I vividly remember the first time I clapped eyes on an Amy Sillman painting, in a tent in Regent’s Park. Mosquito limbs stranded in Neapolitan blocks of pistachio, strawberry and blackcurrant, fogged by pollution. No, not true – a cursory search discredits my recollection as unreliably textured, having mushed together Bed and The Plumbing (both 2006), and allowed the stilled playback of Sillman’s painting to continue in a mental background operation. But then, Sillman deals, above all, in what she has called ‘devotion to a procedure of transformation’ and the glow of that first look – an impression of woozy, fugitive colour and unerringly varied groundstrokes – is undimmed.
Sillman’s process has an internal momentum that won’t be quelled until it’s had the last word. ‘Landline’, her first UK institutional show, steams through Camden Arts Centre: as if dossiers have been shaken loose, then stuffed back into a briefcase, her language is unpacked across extended sequences of works on paper, then compressed in the impacted, waxy surface of her canvases. In talks, the artist often shares photo-diaries of her paintings’ journey – in toggling through, she lends patches of colour a living character. At Camden, too, shapes palpably expand, gobble up extraneous segments, elbow their way round the room. After all, contemporary painting is an unspooling, living thing; work is glimpsed unfinished on studio visits, ‘WIPs’ with enough optical game are dispatched to Instagram.
‘Landline’: somebody, somewhere noted a spate of old fashioned telephone motifs in this autumn’s New York shows (from Charlene Von Heyl to Paul Sietsema). In conversation with the painter Allison Katz, Sillman acknowledged her procedure’s roots in the work of Willem De Kooning and free jazz, noting she could not presume current students’ familiarity with such tenets of improvized action and redaction. This, in Sillman’s hands and words, isn’t an ancient method, but thoroughly present-tense. Vicissitudes must be endured as the paintings play out over many months. It was memorable, then, to hear her insistence that working on canvas (rather than digitally) was ‘totally not infinite’. The window will close; it will be done.
Sillman’s brushwork twitches extemporaneously, resonating with a host of other exponents. A polyglot switching tongues without dropping their accent. Along the bottom of Edge of Day (2018), ragged grey swipes over hazard yellow summon Cologne and St Ives in equal measure. The upper half has a bouncing, protean disorder punctuated by sheaves of modulating colour, chatting with Phyllida Barlow and Dana Schutz respectively. What The Axe Knows (2018) suggests Albert Oehlen in another odd mood, paying homage to Richard Diebenkorn. Duel (2011), the largest and saddest canvas here, has the feathery, mouldy lemon of Arshile Gorky veiling figures that wobble like Bruce Nauman drawings. Maybe the ache of pink choking on grey reminds you of Philip Guston, but it’s no quotation. The defining feature of a Sillman gesture might be a total lack of contrivance. Change has a blunt inevitability, like the waterfall erasing a torso in Robert Gober’s Slides of a Changing Painting (1982-83).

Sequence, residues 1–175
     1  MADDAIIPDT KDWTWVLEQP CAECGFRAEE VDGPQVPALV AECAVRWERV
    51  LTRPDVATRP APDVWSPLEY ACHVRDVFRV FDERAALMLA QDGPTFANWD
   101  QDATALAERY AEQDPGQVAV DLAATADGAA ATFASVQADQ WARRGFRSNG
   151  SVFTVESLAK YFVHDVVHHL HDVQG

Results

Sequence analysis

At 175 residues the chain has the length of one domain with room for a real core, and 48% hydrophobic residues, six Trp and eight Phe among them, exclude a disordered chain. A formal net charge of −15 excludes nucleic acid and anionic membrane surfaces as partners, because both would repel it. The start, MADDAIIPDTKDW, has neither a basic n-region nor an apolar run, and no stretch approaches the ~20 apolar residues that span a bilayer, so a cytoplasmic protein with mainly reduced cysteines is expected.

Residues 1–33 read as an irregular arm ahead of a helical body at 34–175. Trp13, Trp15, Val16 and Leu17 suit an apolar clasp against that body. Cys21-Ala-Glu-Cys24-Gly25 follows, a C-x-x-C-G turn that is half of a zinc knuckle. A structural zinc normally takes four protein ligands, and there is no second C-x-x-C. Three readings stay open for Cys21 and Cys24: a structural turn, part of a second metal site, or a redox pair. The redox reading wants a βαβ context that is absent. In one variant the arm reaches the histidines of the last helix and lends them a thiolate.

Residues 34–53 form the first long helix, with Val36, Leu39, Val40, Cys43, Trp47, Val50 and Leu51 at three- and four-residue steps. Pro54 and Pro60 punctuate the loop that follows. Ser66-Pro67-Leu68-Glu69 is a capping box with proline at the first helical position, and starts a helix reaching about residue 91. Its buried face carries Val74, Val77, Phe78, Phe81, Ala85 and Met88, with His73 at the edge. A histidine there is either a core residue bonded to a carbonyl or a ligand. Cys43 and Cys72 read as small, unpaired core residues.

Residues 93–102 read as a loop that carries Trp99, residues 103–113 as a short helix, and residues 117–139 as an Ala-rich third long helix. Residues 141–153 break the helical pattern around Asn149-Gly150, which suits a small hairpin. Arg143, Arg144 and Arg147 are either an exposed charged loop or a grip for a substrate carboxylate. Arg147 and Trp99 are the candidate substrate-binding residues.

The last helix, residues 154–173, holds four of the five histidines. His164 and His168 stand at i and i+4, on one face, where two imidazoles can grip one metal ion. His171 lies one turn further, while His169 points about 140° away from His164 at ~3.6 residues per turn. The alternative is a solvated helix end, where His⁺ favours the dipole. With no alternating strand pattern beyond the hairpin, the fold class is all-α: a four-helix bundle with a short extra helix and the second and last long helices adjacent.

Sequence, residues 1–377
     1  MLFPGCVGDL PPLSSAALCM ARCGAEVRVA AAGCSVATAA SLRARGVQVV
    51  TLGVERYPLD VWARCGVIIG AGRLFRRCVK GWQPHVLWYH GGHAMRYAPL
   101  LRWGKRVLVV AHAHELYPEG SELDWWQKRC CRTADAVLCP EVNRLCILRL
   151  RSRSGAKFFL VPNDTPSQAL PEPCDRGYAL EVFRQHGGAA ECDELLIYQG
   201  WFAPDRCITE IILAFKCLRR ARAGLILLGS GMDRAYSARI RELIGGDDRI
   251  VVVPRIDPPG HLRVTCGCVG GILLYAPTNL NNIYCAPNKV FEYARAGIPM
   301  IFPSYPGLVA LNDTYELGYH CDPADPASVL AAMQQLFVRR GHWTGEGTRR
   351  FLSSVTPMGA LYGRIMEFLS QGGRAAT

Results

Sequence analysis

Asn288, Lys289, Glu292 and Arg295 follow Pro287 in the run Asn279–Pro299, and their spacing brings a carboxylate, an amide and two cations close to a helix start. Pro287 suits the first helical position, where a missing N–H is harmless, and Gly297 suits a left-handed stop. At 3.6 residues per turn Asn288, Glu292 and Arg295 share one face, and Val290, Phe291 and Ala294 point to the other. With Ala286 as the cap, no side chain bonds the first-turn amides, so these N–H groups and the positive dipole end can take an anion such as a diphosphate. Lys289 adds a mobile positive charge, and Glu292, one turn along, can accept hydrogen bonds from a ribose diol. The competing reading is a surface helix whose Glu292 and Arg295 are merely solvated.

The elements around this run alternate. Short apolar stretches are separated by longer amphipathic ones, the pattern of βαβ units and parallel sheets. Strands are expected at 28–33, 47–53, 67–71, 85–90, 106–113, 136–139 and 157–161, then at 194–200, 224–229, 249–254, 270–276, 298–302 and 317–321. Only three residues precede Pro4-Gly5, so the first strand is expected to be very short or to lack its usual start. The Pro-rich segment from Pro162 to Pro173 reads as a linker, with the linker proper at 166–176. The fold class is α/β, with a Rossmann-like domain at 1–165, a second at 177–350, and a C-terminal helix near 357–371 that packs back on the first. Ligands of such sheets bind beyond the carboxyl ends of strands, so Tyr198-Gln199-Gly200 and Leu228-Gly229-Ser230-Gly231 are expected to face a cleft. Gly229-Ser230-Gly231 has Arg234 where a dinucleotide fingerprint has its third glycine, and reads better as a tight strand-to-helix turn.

Several pictures approach landscape – the blearily smouldering horizons seen in dreams. Near the picture plane, rebar-thick lines are toted like wands or sink into buttery, fuming colour. Where Avec (2017), painted solely in acrylic, is fast, chalkier and unyielding, the scrabbly, greasier surface of Lift & Separate (2017–18), has waves of movement that emanate from deep in the surface, not altogether unlike the stratigraphy of the Elgin Marbles. Lingering, I wondered if it would eventually trap me, like an ammonite in a cliff face. Should you manage to peel yourself away, the vicarious warmth remains.
Amy Sillman, 'Landline' runs at Camden Arts Center, London, until 6 January 2018.
Main image: Amy Sillman, Dub Stamp, 2018, a multi-part series of double-sided acrylic, ink, and silkscreen works on paper, 1,5 × 1,1 cm each. Courtesy: the artist and Galerie Capitain Petzel, Berlin; photograph: Damian Griffiths
First published in Issue 200